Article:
New owner's of used Prius C questions

Discussion in 'Prius c Main Forum' started by Septim, Sep 10, 2020.

  1. Septim

    Septim New Member

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    Hi everyone, it's nice to start belonging to this active community. I've been reading this forum since I started thinking about purchasing a used 2012 Prius C (150k miles on it) several weeks ago and surely already learned a lot of things about them to be quite confident about my purchase which I concluded earlier this week.

    But I haven't found answers to all my questions and with my car being my first own car on top of being my first Prius I hope I could get some answers to my own inquiry. I apologize if some things I ask about are readily available at the owners manual which I plan to read but think that some questions might be more urgent.

    My first question relates to changing fluids in sealed units. Before completing the purchase I had the car inspected in a Toyota dealership. They didn't find any issues but warned me that some of the fluids (namely engine coolant, hybrid inverter coolant and transmission fluid) are in sealed units so they won't inspect them until they are due to be changed. According to the dealership these fluids are due at 100k miles first and every 50-60k miles afterwards. So my car being at 150k miles it's due soon. They quoted the services about 200$ each, bringing it to the total of 600$. I understand that since it's the dealership it's probably way overpriced but by how much? Would you say I should be fine with an independent mechanic changing these fluids or is there something about the Prius that should make me careful about going to local mechanics (or maybe for this particular service)?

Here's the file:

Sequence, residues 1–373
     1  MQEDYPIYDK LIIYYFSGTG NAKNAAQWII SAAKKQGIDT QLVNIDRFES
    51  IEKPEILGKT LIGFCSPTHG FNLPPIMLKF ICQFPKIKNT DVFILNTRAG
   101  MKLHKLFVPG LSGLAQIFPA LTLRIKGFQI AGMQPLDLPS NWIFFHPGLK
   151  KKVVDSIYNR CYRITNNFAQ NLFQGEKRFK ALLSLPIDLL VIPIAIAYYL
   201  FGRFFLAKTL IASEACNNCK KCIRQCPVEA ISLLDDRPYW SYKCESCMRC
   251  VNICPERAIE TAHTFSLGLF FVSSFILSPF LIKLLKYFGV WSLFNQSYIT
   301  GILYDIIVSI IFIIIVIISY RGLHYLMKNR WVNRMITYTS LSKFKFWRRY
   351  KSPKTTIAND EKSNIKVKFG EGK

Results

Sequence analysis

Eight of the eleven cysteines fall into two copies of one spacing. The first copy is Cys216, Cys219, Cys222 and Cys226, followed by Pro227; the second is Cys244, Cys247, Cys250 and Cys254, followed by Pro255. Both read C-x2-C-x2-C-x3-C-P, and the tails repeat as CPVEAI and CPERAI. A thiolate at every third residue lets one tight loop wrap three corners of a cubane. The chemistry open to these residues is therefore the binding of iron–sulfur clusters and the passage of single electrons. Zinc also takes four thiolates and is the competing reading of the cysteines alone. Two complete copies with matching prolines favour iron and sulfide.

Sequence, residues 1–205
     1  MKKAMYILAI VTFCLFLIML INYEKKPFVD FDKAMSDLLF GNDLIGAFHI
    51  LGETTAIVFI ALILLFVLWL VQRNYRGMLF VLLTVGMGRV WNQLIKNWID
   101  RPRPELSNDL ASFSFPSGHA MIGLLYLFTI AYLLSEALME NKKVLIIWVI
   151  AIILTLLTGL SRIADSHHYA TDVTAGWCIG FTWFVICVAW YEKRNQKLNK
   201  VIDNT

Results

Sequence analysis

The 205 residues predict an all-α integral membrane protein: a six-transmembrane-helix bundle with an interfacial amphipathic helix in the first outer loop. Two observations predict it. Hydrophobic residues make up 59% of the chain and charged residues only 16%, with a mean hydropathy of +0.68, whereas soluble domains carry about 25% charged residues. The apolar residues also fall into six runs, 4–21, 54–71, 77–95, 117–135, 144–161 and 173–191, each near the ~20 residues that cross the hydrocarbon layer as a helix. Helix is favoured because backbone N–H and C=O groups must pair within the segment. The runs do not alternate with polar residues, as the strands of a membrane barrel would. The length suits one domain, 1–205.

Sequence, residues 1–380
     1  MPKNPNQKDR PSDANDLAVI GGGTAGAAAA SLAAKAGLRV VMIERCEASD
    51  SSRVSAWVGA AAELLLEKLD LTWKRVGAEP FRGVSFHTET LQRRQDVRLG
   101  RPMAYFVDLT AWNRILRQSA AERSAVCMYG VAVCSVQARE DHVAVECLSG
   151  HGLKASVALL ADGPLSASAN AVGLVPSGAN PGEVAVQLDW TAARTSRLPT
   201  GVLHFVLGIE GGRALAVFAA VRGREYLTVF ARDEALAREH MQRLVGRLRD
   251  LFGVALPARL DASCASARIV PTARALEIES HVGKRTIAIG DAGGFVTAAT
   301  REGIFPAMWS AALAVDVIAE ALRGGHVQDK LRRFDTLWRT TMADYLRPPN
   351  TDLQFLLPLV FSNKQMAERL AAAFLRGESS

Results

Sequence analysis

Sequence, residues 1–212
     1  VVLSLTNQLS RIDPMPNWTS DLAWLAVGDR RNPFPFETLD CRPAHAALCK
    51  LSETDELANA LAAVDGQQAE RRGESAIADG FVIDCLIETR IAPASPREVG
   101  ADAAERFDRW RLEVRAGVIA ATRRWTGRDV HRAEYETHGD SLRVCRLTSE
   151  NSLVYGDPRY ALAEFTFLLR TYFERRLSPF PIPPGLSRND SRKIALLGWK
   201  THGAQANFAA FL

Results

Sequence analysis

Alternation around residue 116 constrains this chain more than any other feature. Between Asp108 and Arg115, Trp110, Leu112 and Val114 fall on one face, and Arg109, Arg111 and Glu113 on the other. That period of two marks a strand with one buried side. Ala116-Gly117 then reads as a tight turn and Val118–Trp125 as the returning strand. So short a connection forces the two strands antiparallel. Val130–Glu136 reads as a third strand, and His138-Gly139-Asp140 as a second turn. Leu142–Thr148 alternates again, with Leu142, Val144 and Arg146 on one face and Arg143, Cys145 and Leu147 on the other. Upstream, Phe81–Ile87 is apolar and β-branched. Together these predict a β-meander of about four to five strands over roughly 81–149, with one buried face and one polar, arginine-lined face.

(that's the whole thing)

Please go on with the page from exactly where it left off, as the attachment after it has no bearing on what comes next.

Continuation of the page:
Another question related to the previous one, as I mentioned in the dealership they said that these fluids should have been serviced at 100k miles. I have access to all the service records of the previous owner and though it seems that they were responsible about regular maintenance I found no records of these particular fluid services being ever performed. Would you say these services are a must do and it's strange that they were omitted? In that case should I be fine just replacing these fluids right away or there is something else I might need to check/do to make sure no harm was done? Or did the dealership provide a more cautious maintenance schedule than really required?

    My third question is (of course) about the hybrid battery. The dealership refused to inspect it thoroughly with no error codes showing and said they typically last till 200k or more. Still, it being a costly repair, I wondered if I needed to do some extra hybrid battery maintenance to keep it alive as long as possible. I've already read the advice about cleaning the battery fan often. I also read about some battery life prolongation techniques but didn't quite get it. If you could elaborate on using these techniques and devices (maybe with some personal experience) I would be very grateful.